SACKVILLE COLLEGE. 105
before his formal appointment. During his regime the dilapidated buildings were completely restored and numerous improvements carried out, the Warden himself spending something like £2,000 on the building during the time he was resident there. The "Warden re-established the daily services, from time to time administered the Sacrament of the Holy Communion, and frequently preached. Dr. Gilbert was then Bishop of Chichester, and after a confirmation held in the Parish Church on May 7th, 1817, he visited the College chapel and the next day inhibited Dr. Neale from celebrating Divine worship and from the exercise of clerical functions in his diocese. Dr. Neale, after consulting with the Patron, decided to ignore the inhibition so far as services within the College were concerned. The Bishop appealed to the Court of Arches and a private inquiry was opened in the Parish Church of East Grinstead on April 4th, 1848, and on June 3rd of the same year the case came on for trial. The real point at issue was whether the College was subject to the Bishop's jurisdiction and Sir H. J. Pust, the Judge of the Court of Arches, decided that Dr. Neale was liable to ecclesiastical censure, but the Court would be satisfied with admonishing him to abstain from officiating in future without due authority, that authority being the license of the Bishop. Dr. Neale was condemned in the whole costs. The Bishop remained of the same mind for 13 years, when he virtually withdrew the inhibition, it being formally withdrawn in November, 1863, though Dr. Neale had never, as he himself writes, "withdrawn a single word, nor altered a single practice (except in a few instances by way of going further)." Dr. Neale at once responded by dedicat≠ing his "Seatonian Poems" by permission "to the Lord Bishop of Chichester, in token of veneration of his character and office, and of thankfulness for his many labours." Thus was the matter happily and gracefully ended. Dr. Neale died on Aug. 6th, 1866, aged 48 years, greatly loved by the College pensioners. His work in connec≠tion with St. Margaret's Sisterhood is dealt with elsewhere.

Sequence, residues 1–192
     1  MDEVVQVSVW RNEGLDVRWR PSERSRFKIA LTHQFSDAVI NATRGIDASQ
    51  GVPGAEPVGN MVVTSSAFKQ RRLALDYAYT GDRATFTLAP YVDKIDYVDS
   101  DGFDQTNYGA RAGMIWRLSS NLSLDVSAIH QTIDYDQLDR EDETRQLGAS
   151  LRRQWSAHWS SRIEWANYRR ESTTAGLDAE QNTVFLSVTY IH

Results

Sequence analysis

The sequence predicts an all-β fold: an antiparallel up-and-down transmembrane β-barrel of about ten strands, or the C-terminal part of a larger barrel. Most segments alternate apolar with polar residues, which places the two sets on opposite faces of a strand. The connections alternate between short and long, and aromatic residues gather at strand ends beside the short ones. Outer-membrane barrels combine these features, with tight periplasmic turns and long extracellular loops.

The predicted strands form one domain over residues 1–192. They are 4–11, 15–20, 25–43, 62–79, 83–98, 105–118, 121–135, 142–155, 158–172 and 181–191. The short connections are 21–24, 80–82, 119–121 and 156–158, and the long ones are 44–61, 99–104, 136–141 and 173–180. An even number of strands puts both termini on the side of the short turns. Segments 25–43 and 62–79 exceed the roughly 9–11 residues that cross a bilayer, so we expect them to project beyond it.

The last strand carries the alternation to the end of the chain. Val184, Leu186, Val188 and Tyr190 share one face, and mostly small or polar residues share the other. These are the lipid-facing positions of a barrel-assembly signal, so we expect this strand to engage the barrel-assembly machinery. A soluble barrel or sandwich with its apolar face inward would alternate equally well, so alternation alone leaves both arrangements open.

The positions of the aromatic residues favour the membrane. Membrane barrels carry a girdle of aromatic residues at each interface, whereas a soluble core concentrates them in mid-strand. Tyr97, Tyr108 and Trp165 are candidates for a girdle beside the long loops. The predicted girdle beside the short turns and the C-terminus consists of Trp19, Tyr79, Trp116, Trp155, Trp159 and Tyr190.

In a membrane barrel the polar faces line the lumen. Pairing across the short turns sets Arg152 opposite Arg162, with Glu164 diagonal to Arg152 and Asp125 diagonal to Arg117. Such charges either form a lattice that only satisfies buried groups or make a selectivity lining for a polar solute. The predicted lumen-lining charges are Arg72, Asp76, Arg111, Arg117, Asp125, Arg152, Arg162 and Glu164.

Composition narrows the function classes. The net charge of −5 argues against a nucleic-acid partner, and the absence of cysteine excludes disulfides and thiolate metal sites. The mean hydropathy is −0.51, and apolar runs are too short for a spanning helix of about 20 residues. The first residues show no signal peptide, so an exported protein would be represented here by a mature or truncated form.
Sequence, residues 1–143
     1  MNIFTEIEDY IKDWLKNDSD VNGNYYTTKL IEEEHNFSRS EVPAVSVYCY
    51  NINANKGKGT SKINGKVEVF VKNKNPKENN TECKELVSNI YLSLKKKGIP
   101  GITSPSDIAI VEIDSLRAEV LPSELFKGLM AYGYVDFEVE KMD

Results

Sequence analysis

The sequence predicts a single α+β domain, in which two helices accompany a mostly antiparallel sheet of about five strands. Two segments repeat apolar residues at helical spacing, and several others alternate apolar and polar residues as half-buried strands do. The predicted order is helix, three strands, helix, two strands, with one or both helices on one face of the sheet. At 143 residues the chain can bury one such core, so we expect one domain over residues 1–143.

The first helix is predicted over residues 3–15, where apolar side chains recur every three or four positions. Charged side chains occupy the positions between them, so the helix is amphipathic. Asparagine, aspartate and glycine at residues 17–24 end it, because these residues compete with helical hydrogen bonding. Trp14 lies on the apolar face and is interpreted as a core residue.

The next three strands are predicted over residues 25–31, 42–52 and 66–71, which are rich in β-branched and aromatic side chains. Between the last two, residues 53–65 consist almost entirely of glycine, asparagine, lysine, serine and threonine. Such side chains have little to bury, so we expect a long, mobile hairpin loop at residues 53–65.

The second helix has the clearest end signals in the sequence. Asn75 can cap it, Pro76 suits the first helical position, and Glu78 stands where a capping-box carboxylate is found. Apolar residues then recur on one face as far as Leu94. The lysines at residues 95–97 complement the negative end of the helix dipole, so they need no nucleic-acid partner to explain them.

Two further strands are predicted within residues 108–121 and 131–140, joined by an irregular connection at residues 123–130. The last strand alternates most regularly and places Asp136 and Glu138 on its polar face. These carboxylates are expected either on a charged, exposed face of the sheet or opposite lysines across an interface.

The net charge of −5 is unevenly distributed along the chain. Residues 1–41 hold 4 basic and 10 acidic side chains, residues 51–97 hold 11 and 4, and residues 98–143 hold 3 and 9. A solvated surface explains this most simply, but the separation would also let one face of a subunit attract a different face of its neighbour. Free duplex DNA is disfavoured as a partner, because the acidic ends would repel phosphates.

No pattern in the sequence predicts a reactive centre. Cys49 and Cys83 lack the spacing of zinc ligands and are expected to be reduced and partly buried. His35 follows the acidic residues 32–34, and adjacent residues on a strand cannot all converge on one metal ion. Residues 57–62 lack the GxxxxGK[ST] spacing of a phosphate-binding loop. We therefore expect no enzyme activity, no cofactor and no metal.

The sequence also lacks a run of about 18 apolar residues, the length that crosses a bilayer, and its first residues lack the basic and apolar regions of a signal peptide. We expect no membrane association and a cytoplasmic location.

17. William Hooper Attree, Nov. 28th, 1866, to March 18th, 1872.
18. John Henry Rogers, M.D., March 28th, 1872, to Oct. 18th, 1879, when he died suddenly. He was the founder of the first Cottage Hospital in East Grinstead.
19. George Covey, M.R.C.8. Eng., L.S.A., Dec. 25th, 1879, to July, 1893.
20. James Harrison, the present Warden, was appointed on July 10th, 1893. He was educated at Rossal School, Owen's College, the London Hospital and Edinburgh. He was made a Licentiate of the Royal College of Physicians at the last named place in 1881, and in the same year became a Member of the Royal College of Surgeons of England. He is also a Member of the British Medical Association and was for a time senior house surgeon at the Manchester Royal Infirmary. He came to East Grinstead from Devonport, where he was medical attendant to H.R.H. the Duke of Edinburgh and his household and also assistant surgeon to the Royal Albert Hospital in that town. He is at the present time one of the Medical Officers to the East Grinstead General Dispensary and Cottage Hospital, also